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Hog Farmers Need Significant Help to Weather Crisis

Hog Farmers Need Significant Help to Weather Crisis
As pork producers adapt to life during the COVID-19 pandemic, they encounter more obstacles. From hogs backed up on farms due to ongoing bottlenecks in the supply chain, to the uncertainty of where the hogs will go next, some pork producers are barely hanging on.
Many producers might not be able to survive the long road ahead back to “normal.” There is also concern that ‘normal’ will be changed indefinitely. Producers are facing severe financial and emotional hardships, and with the estimated collective market loss hovering around $5 billion for the remainder of the year, there is an urgent need to act quickly. Additionally, support is needed to compensate farmers for hogs they have to euthanize as a result of supply chain bottlenecks, and for funding to address depopulation and disposal costs.
Livestock agriculture provisions included in the House-passed HEROES Act would provide much-needed relief measures to U.S. pork producers. NPPC urges the Senate to quickly adopt these provisions in companion or standalone legislation:
  • Compensation for euthanized livestock that can’t be processed into the food supply due to COVID-related packing plant capacity reductions;
  • Expanded direct payments – without payment limitations – to livestock farmers who have suffered severe losses as COVID-related market disruptions have caused the value of their livestock to plummet;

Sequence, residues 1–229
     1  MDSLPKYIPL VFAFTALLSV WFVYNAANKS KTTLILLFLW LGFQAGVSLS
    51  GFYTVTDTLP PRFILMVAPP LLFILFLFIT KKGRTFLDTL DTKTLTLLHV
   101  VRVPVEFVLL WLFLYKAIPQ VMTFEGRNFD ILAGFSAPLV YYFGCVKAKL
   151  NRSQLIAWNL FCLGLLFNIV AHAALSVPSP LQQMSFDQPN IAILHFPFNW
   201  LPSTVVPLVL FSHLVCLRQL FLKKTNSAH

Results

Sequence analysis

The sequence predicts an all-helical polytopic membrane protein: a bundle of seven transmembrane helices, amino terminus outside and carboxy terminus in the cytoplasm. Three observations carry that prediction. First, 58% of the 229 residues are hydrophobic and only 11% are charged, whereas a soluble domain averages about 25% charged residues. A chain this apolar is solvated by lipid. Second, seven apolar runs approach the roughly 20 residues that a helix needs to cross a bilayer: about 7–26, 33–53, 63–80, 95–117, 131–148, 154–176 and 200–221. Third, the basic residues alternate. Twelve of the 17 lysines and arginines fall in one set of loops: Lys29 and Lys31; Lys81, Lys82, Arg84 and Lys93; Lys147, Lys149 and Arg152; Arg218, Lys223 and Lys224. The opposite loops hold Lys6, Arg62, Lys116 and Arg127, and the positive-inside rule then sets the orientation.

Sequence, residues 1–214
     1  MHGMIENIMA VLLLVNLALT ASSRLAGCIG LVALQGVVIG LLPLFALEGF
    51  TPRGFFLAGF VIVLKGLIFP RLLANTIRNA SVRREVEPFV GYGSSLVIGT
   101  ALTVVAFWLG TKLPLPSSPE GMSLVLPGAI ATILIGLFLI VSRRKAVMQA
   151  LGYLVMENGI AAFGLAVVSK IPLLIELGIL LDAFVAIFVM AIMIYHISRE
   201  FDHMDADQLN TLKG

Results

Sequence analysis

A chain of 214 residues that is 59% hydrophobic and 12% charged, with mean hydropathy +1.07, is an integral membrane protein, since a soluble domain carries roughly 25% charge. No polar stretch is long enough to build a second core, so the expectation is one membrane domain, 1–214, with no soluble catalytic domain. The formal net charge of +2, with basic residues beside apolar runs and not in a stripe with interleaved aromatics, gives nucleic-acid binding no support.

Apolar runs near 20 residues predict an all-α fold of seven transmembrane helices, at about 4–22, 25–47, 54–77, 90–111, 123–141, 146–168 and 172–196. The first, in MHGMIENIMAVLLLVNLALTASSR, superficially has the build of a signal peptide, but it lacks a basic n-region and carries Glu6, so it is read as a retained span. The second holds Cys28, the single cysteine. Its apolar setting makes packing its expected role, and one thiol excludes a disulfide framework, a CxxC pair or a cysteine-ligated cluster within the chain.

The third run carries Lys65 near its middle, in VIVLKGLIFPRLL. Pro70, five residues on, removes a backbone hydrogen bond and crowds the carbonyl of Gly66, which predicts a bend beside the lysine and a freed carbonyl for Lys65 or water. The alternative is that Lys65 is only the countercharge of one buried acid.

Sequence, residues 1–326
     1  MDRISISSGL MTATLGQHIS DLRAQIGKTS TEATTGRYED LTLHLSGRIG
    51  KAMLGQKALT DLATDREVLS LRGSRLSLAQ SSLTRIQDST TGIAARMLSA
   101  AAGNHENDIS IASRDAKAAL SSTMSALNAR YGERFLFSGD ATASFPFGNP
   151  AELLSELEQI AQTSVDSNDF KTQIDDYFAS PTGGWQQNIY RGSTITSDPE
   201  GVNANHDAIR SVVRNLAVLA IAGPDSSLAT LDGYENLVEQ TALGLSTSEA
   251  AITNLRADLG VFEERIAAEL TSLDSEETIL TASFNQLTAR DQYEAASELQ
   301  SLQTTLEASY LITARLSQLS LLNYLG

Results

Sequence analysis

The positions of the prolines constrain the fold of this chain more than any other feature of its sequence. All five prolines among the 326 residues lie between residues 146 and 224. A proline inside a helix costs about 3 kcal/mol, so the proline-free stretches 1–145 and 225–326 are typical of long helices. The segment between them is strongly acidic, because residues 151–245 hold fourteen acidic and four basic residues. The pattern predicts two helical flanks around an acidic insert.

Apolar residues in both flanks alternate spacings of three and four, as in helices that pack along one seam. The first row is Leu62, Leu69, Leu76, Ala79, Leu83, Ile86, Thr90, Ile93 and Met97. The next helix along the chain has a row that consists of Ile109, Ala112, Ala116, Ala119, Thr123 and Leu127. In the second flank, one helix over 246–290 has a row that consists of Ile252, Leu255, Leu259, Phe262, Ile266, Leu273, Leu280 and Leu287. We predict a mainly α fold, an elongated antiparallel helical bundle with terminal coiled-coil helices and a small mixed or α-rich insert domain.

• Increased funding for animal health surveillance and laboratories, which have been tapped to perform COVID-19 testing during this human health emergency; and
  • Mental health assistance for our farmers who face an unimaginable animal welfare crisis.
Pork producers need help to address the ongoing COVID pandemic. Through no fault of their own, they are being forced to make tough decisions to address supply chain bottlenecks that are preventing hogs from being processed into the food supply. The unfortunate reality is that hogs are having to be euthanized and it’s exacting a tremendous emotional toll on farmers. Euthanizing these animals and the food they represent goes against every farmer instinct.
U.S. pork producers aren’t going to be made whole by these provisions, but it will provide significant help at a pivotal time. These efforts will provide a much-needed lifeline to thousands of farmers who will otherwise go out of business, leading to consolidation and contraction of the U.S. pork industry.
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